"I coulda been a saint and not a rank backslider," Chip Robinson sings on "Abe Lincoln," the blazing opening track on "Southern Lines," the new Backsliders album.
But backsliders have always been more interesting than saints, and Robinson and country rockers The Backsliders are no exception.
The process to get "Southern Lines," a record that is a wonderfully dark and rough trip through lives and places, released is no less interesting.
With the critically-acclaimed "Throwin' Rocks at the Moon" under their belt, Robinson, guitarists Steve Howell and Brad Rice, bassist Danny Kurtz and drummer Jeff Dennis, along with producer Eric "Roscoe" Ambel (Blue Mountain, Bottle Rockets) left Raleigh and headed to The Dockside in Maurice, La. in January 1998 to record a new album.
They had no idea that it would take close to a year and a half before the album was released and that Robinson would be the only one of them to remain a full-time Backslider.
Or maybe they did have an idea. "The songs, in many ways, you can hear a precursor to a band imploding," Robinson explains. "There was a lot more optimism when the first album was made."
Despite the dark nature of the album, partly attributed to the breakdown in relationships between band members, the recording's setting did its part. Maurice was "gorgeous" and a "whole different world," Robinson says. So pleased with the town, the band considered paying tribute to Maurice by calling the album "Hicktopia."
But that - and a lot of other things - changed before the album was finally released.
The band took about a month to record and then did a brief Northeast tour.
But shortly afterwards, when Robinson went back to New York to assist in remixing the album, he found himself alone.
Howell quit the band and joined Chapel Hill honky-tonkers the Two Dollar Pistols, while Rice and Kurtz decided to tour with Ryan Adams and Whiskeytown.
After a little rambling around, doing a few solo shows with former 6 String Drag front man Kenny Roby and generally "getting things in place," Robinson eventually enlisted members for a revamped lineup.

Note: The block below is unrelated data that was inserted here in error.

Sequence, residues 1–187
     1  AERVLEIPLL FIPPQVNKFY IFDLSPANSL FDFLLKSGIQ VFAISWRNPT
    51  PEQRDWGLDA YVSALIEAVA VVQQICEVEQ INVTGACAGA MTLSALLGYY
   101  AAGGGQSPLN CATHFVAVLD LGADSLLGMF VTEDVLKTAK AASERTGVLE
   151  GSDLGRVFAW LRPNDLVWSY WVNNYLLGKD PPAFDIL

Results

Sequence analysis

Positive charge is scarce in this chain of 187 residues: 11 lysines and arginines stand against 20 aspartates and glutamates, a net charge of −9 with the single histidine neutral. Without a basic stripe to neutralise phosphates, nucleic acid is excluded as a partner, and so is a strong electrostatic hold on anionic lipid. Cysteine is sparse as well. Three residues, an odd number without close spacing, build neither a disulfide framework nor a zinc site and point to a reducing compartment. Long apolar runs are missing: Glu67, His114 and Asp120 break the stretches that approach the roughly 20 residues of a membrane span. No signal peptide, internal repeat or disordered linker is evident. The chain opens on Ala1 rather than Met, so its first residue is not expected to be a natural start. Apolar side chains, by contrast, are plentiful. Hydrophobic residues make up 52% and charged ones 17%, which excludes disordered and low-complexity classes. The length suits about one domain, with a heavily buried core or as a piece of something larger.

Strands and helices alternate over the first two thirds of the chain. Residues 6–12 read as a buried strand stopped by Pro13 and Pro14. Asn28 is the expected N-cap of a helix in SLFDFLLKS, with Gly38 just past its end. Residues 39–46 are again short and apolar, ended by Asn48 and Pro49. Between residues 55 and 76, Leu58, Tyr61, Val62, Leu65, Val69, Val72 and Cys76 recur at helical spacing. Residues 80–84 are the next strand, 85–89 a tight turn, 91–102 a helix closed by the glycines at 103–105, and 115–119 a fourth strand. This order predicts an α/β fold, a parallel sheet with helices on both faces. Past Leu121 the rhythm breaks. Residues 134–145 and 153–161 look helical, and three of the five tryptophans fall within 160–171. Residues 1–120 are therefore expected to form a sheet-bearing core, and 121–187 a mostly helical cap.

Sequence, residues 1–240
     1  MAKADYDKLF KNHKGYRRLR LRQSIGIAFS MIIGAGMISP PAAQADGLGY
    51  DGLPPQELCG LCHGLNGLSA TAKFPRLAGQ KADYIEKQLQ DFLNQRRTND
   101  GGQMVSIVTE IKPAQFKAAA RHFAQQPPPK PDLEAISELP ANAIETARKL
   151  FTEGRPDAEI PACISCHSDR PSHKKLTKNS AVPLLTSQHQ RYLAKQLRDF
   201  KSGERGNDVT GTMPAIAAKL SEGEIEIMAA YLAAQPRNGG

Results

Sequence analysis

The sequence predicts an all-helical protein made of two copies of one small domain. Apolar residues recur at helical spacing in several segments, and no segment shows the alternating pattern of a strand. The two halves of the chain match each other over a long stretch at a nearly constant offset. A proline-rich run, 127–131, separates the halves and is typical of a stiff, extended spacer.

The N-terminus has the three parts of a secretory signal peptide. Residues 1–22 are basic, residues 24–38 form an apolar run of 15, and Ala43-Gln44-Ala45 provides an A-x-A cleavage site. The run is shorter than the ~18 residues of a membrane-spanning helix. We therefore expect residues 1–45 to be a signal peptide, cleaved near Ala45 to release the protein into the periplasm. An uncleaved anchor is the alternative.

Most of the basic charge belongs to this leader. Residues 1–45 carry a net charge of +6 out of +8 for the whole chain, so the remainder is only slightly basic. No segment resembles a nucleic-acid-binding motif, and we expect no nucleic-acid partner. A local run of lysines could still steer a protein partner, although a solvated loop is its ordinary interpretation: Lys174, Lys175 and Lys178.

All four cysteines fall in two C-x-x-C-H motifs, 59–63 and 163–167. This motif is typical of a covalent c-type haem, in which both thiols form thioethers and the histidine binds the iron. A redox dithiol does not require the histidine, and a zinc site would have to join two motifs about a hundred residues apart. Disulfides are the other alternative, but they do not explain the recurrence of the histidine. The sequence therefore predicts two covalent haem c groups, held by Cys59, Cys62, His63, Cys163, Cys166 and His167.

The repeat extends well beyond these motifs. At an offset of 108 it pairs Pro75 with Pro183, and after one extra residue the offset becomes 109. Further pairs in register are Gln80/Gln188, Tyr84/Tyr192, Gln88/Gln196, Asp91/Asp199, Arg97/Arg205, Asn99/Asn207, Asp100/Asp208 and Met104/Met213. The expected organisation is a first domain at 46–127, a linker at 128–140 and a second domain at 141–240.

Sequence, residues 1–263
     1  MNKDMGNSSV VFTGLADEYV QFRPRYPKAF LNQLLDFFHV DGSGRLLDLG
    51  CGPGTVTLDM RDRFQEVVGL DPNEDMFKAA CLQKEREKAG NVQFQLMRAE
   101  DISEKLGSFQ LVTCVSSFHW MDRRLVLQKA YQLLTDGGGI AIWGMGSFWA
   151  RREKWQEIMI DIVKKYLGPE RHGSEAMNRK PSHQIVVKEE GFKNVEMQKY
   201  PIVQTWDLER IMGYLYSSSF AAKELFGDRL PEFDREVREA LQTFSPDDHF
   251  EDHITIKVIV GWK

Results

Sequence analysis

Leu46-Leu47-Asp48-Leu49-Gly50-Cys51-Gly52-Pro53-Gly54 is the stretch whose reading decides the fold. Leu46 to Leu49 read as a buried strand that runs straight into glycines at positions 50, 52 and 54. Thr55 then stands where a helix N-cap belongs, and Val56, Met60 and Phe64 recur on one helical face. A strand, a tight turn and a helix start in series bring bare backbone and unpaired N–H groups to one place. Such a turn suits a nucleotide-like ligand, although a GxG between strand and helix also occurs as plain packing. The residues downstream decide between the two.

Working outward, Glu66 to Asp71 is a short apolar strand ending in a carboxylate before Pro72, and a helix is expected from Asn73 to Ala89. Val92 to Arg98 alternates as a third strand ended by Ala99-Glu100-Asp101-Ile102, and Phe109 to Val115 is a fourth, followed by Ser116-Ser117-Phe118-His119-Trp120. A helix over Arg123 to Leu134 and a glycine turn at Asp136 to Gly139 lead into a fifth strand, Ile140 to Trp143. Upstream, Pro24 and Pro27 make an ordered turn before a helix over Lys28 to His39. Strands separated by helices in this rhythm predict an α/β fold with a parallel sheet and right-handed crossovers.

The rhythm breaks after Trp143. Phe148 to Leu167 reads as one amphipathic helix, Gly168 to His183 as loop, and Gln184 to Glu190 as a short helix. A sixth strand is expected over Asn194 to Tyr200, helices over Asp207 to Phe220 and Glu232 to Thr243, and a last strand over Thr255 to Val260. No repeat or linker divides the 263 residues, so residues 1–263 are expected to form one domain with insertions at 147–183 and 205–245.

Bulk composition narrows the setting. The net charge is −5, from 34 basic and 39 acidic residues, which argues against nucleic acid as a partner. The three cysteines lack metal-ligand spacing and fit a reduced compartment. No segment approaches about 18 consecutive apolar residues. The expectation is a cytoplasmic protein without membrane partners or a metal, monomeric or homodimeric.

And nearly a year to the day after the initial recording process started, Robinson headed back to the studio, with help from producer Don Dixon, to recut one song, remix a few others and add new vocals.
Robinson says he was glad to get the chance to add new vocals, because the initial recording found the songs "early in their life."
"It takes me a while to actually learn how to sing a song," he explains. "There is a difference in what the song means to me now and when it was written."
The making of "Southern Lines" and the Pete Anderson-produced "Throwin' Rocks at the Moon" were two entirely different scenarios, Robinson says.
"(On Throwin' Rocks) we had been playing some of those songs for five or six years," he recalls. "We pretty much had them together arrangement wise. We went in and knocked them out."
The songs on "Southern Lines," however, were a lot newer to the band when they initially went in the studio, and Ambel was able to give them a little more direction this time around.
"Roscoe was really instrumental in getting the arrangements down. He was more open to some experimentation," according to Robinson.
Robinson and the new lineup, Terry Anderson on drums, Roger Gupton on bass and Rob Farris on keyboards, don't have the "tightness" that The Backsliders had before the other members went AWOL, he says.
"The band keeps progressing. It's a natural process," he says, before adding, "It's not something I'm worried about."
Robinson says the new members "all can sing" and are talented songwriters. Anderson, according to Robinson, says the band's new rhythm section is "almost" like a soul band. The soul influence is not hard to detect. Robinson says he's a big fan of old soul stirrers like Otis Redding and Al Green.
If you're familiar with Robinson's raw vocals and down and out lyrics, it shouldn't surprise you that his tastes lean more towards the hard-edged Stax Records than the Voice of Young America. "My aunt had all those records lying around the house - Sam and Dave, Wilson Pickett," he says.
Robinson spent a good part of April doing a small solo tour of the West Coast. He said the experience was mostly "hit or miss," but he was pleased to be able to do a show with Rice, who now lives with his wife in Los Angeles, at Jack's Sugar Shack in Hollywood. The Backsliders plan to support "Southern Lines" with a tour beginning in mid-June. Rice will rejoin them for the tour.
As for his former bandmates, Robinson says he only keeps in touch with Rice and Kurtz.
"There's still some animosity and anger," he says. "But everyone has their own thing."
The Backslider fans shouldn't worry. If they are familiar with the Raleigh/Chapel Hill music scene, they know it's customary for bands to break up, reform, and trade members. Robinson is looking forward to what the future will bring for the new Backsliders, he says.
"I'm really enjoying playing with the guys. They're great musicians and a lot of fun to be aroundThere's still something every time we play that totally blows your mind."